The output 62 of the peak detector 14 is split and provided as an input to odd and even track sample and hold circuits 22 and 24, respectively. Each set of circuits sample and hold the analog information present on the input line 62 in the form of pulses. Each of the sample and hold circuits is adapted to hold the analog value of one pulse. There are N sample and hold circuits in a set which are adapted to receive and output the pulses on a first-in first-out basis (fifo). After N pulses have been received, the sample and hold circuits will hold the latest received N pulses.
Each of the sample and hold circuits has an output through a resistor, shown as resistor networkds 32 and 34 for the odd and even tracks, respecitvely. Each output is connected to a summing junction, either 40 or 42, to form at the junction an average value of the outputs 32 or 34. The average value is proportional to the analog average value of the peak voltages of the last N pulses.
This average value voltage is buffered by summing amplifiers 36 and 38. The output of the summing amplifier for the odd track pulses 44 is provided as one input and the output of the summing amplifier for the even track pulses 46 is provided as the other input to differential amplifier 16, which effectively subtracts the two signals from each other and provides their difference as position error signal output 48. This output may be used by downstream electronics to servo the head toward track center. The position error signal output 48 may also be inverted by inverting op amp 18 to form a complimentary signal for downstream electronics.
The outputs of summing amplifiers 36 and 38 are also averaged through resistors 50 and 52 and summing junction 51. This average value is buffered through scaling amplifier 20 to form an automatic gain signal (AGC) for use by broad band amplifier 12, as is known in the art.
FIG. 6 shows a preferred form of one set (odd) of the sample and hold circuits 22 and 24. It comprises a bucket brigade analog shift register 60. Such a register in a slightly varied form is a TAD-32 Tapped Analog Delay available from the Reticon Corporation, Sunnyvale, CA.
Analog information present on line 62 is copied into capacitor 66 when the N-channel MOS FET gate 64 is enabled. Gate 64 is enabled when clock φ1 is high. φ1 is high, as can be seen in FIG. 1D, when an odd pulse is present. (A similar bucket brigade is provided for even pulses, in which case clock φ2, on during the presence of even pulses, is substituted for clock φ1).
Thereafter, φ1 goes low and the analog voltage on capacitor 66 is captured.
At the rise of φ3, which is on during the sync pulse, gate 70 is enabled, and a positive voltage is applied to one side of capacitor 72. This voltage draws the charge on capacitor 66 to capacitor 72 and the parasitic capacitance of gates 70 and 74. Gate 74 is continuously biased on but at a voltage slightly less than either φ1 or φ3.
The presence of a charge on capacitor 72 causes an increase in the gain of p-channel MOS FET 84 proportional to the amount of charge. The drain 86 of MOS FET 84 is connected through resistor 88 to the summing junction 40.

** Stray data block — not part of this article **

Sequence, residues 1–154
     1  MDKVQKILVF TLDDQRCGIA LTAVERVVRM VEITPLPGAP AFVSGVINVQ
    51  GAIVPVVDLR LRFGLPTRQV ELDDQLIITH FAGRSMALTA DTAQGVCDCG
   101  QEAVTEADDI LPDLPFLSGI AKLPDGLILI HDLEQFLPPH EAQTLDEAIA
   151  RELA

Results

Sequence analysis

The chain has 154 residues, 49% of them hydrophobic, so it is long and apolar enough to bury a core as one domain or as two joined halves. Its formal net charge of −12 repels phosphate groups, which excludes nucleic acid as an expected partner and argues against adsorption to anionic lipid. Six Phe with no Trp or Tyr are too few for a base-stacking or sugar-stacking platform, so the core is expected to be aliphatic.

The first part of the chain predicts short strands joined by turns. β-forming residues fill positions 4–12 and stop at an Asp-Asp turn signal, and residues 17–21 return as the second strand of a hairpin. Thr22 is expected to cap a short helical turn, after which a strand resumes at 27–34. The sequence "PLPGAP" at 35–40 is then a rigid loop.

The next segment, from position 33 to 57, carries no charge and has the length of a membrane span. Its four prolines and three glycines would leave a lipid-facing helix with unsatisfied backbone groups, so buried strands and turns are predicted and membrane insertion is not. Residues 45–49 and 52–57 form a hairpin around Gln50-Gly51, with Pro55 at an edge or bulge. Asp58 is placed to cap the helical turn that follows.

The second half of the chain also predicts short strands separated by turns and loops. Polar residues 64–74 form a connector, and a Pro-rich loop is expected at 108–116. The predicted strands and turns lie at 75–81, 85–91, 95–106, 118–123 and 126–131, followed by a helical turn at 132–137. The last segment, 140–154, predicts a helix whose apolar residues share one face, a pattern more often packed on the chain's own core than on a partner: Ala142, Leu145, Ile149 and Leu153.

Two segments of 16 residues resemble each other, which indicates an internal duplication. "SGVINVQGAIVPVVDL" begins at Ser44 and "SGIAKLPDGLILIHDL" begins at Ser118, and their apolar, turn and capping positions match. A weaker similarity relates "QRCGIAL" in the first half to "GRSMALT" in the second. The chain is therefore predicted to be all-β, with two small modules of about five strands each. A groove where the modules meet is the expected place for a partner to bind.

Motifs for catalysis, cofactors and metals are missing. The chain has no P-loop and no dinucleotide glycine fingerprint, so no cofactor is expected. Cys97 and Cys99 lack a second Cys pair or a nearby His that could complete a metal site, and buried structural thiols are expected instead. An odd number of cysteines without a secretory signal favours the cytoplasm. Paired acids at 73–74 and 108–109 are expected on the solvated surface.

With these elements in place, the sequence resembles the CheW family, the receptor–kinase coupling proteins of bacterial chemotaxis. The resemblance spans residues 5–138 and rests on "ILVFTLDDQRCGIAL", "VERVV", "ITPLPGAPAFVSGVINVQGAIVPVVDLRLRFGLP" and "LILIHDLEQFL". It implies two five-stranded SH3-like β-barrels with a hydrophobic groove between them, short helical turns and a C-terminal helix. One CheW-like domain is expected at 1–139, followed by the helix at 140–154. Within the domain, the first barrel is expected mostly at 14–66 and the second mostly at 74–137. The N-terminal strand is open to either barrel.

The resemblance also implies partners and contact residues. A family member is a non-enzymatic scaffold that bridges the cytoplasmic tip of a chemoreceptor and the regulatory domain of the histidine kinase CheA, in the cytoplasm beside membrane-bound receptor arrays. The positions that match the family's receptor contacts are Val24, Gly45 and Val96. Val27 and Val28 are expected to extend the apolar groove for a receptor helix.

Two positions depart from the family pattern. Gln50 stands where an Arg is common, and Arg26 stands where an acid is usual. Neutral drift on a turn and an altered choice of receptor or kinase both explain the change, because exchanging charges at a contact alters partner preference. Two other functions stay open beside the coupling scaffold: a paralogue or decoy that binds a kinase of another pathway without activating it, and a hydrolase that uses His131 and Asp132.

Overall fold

After the sync pulse has passed, gate 70 turns off, isolating the charge present on capacitor 72 from the input capacitor 66.
During the presence of the next odd pulse, gates 64 and 76 are enabled. The new pulse is sampled by capacitor 66. The pulse present in capacitor 72 and gate 74 is transferred to capacitor 78 and MOS FET 76 due to the higher voltage on φ1. The output voltage of MOS FET 84 will go to zero and that of MOS FET 90 will to to the formerly output by MOS FET 84.
At the rise of the next φ3 clock, the analog charge present in capacitors 66 and 78 are copied into capacitors 72 and 82, respectively.
Each gate/capacitor pair can be viewed as a storage cell and each pair of cells viewed as a sample and hold circuit. The even numbered cells are active (that is, they will be holding a pulse) from a given sampling period to a sync pulse. The odd numbered cells are active from a sync pulse until the next sampling period.
A second embodiment of the sample and hold circuits 22 and 24 is illustrated in FIG. 7. Conventional sample and hold cells 106 such as the LF 398 or Signetics 5537 are available from the Signetics Corporation, Sunnyvale, CA. They are arranged such that one's output is latched to another's input. Their clock inputs are alternately connected to φ1 or φ3 (or for the even pulses sample and hold circuits 24, φ2 and φ3). Their operation thus is virtually identical to the operation of the above described bucket brigade. Their outputs are also connected through resistor network 32 (or 34) to summing junction 40 (or 42) and thereafter provided as an input to summing amplifier 36 (or 38) as heretofore described.
A third embodiment is shown in FIG. 8. It comprises three conventional components: an N counter 92, an analog multiplexer 94 and a column of N individually addressabel sample and holds cells 96 comprising a capacitor interconnected between line 98 from multiplexer 94 and ground 100, and a voltage following op amp 102. The op amps 102 are connected through resistors 32 (or 42) to summing junction 40 (or 42) and scaling on amp 36 (or 38) as heretofore described.
The N counter 92 is connected to φ3 or other means to signal the presence of the sync pulse 104. Each time sync pulse 104 is received, the N counter counts 1. The count is placed on lines 106, which are provided as the control inputs to analog multiplexor 94. Analog multiplexor 94 connects the input line 62 to one and only one sample and hold cell 96 according to the count present on control lines 106.
After counting N sync pulses, N counter 92 overflows to 0. Thus, the sample and hold cells 96 are addressed on a recirculating basis. Pulses are input one by one into successive sample and hold cells 96 and retained until a given cell is again addressed by the recirculating multiplexor 94, when a new pulse is sampled and held. The last N pulses received will then be present in the sample and hold cells 96 and a voltage proportional to their average will be present at the output of scaling amplifier 44 (or 46).
It will be appreciated that the above averaging circuitry also inherently incorporates the sample and hold function necessary for embedded servo data systems. Other similar means of implementing a pulse averaging circuit will occur to those skilled in the art consistent with the general purpose of providing an average of the last N pulses of track centering servo information to reduce the effects of noise spikes and dropouts.